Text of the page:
In my debut novel, Hijab and Red Lipstick (Hashtag Press), the main character is a young British Egyptian woman called Sara who desperately tries to escape her controlling father by looking for a husband. You may know someone who has done this – or perhaps that someone is you.
In the novel, Sara signs up to an Islamic matrimonial website hoping that she will find a husband to be her knight in shining armour who will provide her with the affection, love, and stability she doesn’t have at home. It’s a cautionary tale of what happens when you seek marriage for the wrong reasons.
Hijab and Red Lipstick is loosely based on my own life growing up between London and Doha, Qatar. It’s an exploration of identity and life as a British Arab in the Gulf: Sara isn’t fully English and doesn’t fit in with the white British expats living in their fancy gated compounds, nor is she fully Arab and doesn’t feel like she truly belongs with Arabs. Her Egyptian father, who had been a member of London’s Egyptian community, changes after they move to the Gulf, influenced by the extremely traditional and conservative Arab men around him who wrongly mix culture with Islam.
Some readers in the Muslim community may say they are sick of the narrative of thecontrolling Muslim or Arab father, but as much as we are “sick of it” it’s a lived reality that continues until today – I lived it, and so did many of my Arab girlfriends both in London and in Qatar.
For my protagonist Sara, it wasn’t just freedom from a controlling and abusive father she yearned for – it was freedom to be able to find her faith in Islam on her own, without it being forced on her. She loved being Muslim – she just hated the men in her life who mixed their culture with religion.
This is where we come back to marriage. If Hijab and Red Lipstick teaches readers one thing, it’s that if your reason for wanting to get married is to escape strict parents you may end up jumping from the frying pan into the fire. The first thing you need to assess is whether your situation at home is “strict” or abusive. If you believe you are living in an abusive situation, I implore you to seek help – and getting married to escape an abusive home isn’t the way. This applies to all genders.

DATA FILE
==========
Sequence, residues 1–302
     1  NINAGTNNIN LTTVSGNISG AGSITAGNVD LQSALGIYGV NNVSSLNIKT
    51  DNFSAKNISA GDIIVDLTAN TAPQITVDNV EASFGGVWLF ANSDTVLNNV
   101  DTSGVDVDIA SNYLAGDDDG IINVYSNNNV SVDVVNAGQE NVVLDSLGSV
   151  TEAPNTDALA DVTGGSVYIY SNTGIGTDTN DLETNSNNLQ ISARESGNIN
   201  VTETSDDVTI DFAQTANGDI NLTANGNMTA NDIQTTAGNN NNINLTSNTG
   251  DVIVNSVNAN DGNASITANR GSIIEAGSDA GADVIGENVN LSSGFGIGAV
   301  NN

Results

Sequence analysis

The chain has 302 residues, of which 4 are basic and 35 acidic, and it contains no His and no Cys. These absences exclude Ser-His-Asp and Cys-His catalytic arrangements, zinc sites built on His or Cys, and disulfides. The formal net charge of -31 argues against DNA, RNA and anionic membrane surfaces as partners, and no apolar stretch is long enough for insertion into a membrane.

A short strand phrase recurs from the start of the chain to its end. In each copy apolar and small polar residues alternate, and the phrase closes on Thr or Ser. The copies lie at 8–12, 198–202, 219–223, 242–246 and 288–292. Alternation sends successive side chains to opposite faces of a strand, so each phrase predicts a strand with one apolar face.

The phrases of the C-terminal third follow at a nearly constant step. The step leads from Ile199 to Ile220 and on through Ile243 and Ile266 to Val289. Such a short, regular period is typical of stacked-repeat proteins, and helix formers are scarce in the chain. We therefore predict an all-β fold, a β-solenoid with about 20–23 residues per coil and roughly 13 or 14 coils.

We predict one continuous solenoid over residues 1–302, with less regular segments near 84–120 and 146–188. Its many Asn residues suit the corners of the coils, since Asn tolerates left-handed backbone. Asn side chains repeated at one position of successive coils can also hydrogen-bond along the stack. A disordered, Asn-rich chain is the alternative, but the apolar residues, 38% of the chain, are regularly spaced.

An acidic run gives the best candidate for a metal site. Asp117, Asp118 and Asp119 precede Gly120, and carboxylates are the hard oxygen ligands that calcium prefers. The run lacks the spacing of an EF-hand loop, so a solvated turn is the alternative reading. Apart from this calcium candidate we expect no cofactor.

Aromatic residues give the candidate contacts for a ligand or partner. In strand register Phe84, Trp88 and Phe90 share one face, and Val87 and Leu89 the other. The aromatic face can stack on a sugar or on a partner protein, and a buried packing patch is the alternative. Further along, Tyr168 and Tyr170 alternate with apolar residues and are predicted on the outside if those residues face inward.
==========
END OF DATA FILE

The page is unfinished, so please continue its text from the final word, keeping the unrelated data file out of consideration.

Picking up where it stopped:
Is there a relative or close friend who you trust to talk to and perhaps stay with in the meantime? Have you got an understanding imam or shaikh within the community who can perhaps get you in touch with trustworthy brothers and sisters who can help you leave home and have somewhere safe to stay? There are also Islamic charities like Solace andImkaan that you can contact, whether it is just to have someone to talk to, or to seek practical help.
You need to be in a good place mentally – and living in a safe situation – before you can think about getting married, otherwise you may carry a lot of that trauma and be at your most vulnerable if you hastily enter a marriage – and someone could take advantage of that vulnerability.
If you are not living in an abusive situation at home, you may want to pause and reflect on whether the “restrictions” that your parents have put in place are reasonable or unreasonable. If you are an adult, you should be able to have an honest discussion about the rules at home. Oftentimes, our parents have rules in place out of caring for our safety and wellbeing and as we get into our twenties, they just need a gentle reminder that we are responsible adults now.
If you are an adult, you should be able to have an open discussion with your parents about this if you are still living at home. If you can't, you may need to take the practical steps needed towards financial independence so that you can move out – moving out if your situation at home is toxic is not haram.
Sometimes we have this notion that by getting married we will be “free” – free to go out wherever we want whenever we want, free to do whatever we want and free to wear whatever we want. But with getting married you take on a whole new load of responsibilities, and if you are just doing whatever you want without taking your spouse into account your marriage won’t last. Then there’s the fact that when you get married, you may be “escaping” your family, but you are taking on your spouse’s family and if you are getting married for the wrong reasons, the novelty will wear off quickly.
When I think back to some of my father’s rules – the more reasonable ones – many of them saved me from a number of potential dangers. I had tried so hard in my early twenties to force marriage to any man who would propose to me to escape my life at home, and only now in my thirties can I look back and say Alhamdulillah that my father had stopped me from getting married at that time – I would have literally jumped from the frying pan into the fire.
Hijab and Red Lipstick comes out on 5 th November 2020 and is available atHashtag Press, Waterstones, WH Smith and Amazon.
Follow Yousra on Twitter @underyourabaya and on Instagram @writereadeatrepeat or check out her website www.yousraimran.com.